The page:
Barring its minimalist title, Ethos offers bigger expectations from the get-go. The title foreshadows a near-exhaustive commentary on its protagonists’ moral trajectories…
By Adedamola Jones Adedayo
You should not think of Brymo and A-Q in the same studio without remembering their connections with Chocolate City Music. The record outfit used to be the fodder for both artistes until they left, at separate times, to negotiate new directions for their music careers. It was in 2020 that A-Q, who was co-founder of 100 Crowns, a subsidiary of Chocolate City, which had Blaqbonez as one of its protégés, called it quits with the record label to chase loftier dreams with Africori.
Brymo’s break-up saga was rather tempestuous. That was way back in 2013. The singer alleged, amidst other grievances, that the label failed to advance the recording of his album, The Son of a Kapenta. Chocolate City Music had accused him of a breach of contract. The bad blood between the artiste and the label was escalated to the court, with the legal outcome inspiring a wave of disillusionment. Since that experience, Brymo has remained independent as an artiste, preferring to self-pilot the business of his music. Now he sees record labels the world over as capitalist profiteers.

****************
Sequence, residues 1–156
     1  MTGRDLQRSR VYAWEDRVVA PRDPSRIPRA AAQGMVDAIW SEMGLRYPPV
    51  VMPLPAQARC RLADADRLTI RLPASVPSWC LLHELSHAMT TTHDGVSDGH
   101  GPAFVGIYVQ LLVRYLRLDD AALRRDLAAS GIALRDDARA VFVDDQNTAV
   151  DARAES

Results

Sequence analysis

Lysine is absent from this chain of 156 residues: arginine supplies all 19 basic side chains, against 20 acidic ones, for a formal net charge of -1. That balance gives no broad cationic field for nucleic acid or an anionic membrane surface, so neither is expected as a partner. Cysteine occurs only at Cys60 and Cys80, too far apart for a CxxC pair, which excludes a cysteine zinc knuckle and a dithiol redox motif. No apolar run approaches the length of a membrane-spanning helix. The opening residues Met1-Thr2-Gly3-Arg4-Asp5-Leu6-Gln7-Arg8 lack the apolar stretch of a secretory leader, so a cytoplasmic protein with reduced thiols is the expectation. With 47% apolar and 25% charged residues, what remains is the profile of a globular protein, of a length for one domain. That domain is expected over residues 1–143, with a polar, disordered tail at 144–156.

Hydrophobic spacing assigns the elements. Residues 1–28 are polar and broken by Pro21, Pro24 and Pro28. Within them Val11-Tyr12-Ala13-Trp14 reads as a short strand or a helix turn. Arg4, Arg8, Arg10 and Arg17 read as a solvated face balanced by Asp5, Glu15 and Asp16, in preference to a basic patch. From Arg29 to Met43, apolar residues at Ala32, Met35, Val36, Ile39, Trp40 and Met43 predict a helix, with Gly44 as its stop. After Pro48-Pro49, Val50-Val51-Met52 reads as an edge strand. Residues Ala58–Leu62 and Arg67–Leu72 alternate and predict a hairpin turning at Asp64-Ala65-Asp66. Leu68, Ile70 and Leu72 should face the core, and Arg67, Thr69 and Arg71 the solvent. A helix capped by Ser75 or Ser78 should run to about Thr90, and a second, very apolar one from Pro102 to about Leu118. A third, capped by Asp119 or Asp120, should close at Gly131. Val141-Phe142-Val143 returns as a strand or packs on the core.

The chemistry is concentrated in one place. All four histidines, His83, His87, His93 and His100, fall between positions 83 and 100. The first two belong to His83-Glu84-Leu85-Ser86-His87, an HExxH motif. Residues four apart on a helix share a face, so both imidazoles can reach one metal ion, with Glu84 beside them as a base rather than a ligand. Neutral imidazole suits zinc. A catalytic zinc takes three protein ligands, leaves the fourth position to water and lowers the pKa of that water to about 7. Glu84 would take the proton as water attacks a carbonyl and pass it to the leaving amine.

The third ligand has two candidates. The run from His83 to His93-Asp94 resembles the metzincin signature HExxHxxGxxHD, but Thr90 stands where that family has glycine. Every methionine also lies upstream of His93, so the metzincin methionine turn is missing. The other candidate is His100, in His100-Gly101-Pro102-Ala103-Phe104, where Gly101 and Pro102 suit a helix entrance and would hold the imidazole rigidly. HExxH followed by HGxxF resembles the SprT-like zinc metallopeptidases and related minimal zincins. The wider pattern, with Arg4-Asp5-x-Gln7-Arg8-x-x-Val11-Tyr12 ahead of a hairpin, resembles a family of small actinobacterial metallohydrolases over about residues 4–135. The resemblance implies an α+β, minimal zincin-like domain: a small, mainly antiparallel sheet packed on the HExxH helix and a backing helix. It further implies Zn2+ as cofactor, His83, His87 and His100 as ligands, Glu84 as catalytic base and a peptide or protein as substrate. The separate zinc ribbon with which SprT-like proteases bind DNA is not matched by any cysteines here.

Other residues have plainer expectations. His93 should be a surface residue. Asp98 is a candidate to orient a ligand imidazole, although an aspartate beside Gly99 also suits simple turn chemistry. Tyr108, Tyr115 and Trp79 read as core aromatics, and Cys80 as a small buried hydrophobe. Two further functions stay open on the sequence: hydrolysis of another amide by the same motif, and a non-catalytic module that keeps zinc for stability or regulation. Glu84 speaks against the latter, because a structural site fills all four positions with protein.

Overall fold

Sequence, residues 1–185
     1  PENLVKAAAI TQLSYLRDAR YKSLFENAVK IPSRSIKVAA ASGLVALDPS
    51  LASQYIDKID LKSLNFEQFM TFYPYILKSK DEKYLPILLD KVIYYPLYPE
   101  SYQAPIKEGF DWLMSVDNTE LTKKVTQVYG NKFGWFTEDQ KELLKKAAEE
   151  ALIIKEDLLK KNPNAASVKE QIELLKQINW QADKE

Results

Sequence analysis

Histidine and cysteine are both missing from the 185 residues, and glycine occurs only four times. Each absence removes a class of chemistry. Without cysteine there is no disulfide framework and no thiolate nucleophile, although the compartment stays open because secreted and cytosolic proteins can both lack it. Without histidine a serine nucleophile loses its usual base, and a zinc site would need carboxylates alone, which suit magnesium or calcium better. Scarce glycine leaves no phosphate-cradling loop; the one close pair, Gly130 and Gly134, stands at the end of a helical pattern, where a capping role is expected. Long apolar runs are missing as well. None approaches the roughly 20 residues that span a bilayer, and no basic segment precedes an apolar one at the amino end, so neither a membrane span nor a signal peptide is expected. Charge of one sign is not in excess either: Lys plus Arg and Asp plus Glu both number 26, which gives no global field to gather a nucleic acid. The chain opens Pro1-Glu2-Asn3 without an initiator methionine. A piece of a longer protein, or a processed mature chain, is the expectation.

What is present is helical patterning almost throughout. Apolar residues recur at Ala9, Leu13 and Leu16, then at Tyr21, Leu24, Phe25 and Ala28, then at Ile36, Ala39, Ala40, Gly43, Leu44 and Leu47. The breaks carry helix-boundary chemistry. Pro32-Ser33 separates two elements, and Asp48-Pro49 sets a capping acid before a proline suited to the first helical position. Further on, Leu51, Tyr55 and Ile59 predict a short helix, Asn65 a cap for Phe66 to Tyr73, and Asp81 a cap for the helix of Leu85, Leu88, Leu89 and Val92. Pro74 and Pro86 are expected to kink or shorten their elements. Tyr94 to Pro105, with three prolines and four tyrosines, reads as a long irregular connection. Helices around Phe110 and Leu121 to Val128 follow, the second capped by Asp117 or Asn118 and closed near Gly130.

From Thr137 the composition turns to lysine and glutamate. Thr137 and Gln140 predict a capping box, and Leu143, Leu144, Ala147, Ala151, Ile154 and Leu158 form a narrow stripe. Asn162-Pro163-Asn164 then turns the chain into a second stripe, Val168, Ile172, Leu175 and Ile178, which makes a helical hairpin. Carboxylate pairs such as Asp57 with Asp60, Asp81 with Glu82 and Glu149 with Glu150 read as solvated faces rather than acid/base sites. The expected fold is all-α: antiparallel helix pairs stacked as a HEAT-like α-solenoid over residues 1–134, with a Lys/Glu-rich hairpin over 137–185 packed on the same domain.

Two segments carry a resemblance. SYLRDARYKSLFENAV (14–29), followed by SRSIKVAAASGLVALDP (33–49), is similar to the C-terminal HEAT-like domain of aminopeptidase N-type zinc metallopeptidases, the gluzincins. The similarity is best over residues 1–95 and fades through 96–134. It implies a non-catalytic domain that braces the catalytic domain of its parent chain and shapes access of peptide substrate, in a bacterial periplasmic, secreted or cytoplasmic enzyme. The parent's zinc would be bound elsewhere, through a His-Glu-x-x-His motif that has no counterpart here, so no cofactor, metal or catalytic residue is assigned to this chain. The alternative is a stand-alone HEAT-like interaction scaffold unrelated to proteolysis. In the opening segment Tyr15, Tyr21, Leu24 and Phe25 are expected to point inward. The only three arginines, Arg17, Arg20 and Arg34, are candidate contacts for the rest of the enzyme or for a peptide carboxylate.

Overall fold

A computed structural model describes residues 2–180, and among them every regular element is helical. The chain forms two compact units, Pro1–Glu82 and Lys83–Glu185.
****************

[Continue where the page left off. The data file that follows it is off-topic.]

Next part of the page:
Here on Ethos, A-Q and Brymo form an album-long alliance, fusing techniques of hip-hop/rap and alternative music. Brymo’s style, cutting across R&B, Pop, Fuji and Rock, sets him apart from mainstream music in the country.
“After like over a decade of peddling what I sell, I have become a mishmash of a lot of things,” the singer admits the uniqueness of his art in an interview. Again, intoxicated by revolutionary, anti-mainstream spirits, he says, “I paint pictures with words, I’m a sonic artist.”
But Brymo’s avant-garde style does not breed much elitism. People have found his art of sonic rebellion mostly relatable, his music incorporating social consciousness, personal ideology and didacticism, despite the man himself having a personality dressed in controversies (catch him elucidate his self-hype as “the most powerful artiste in the world”).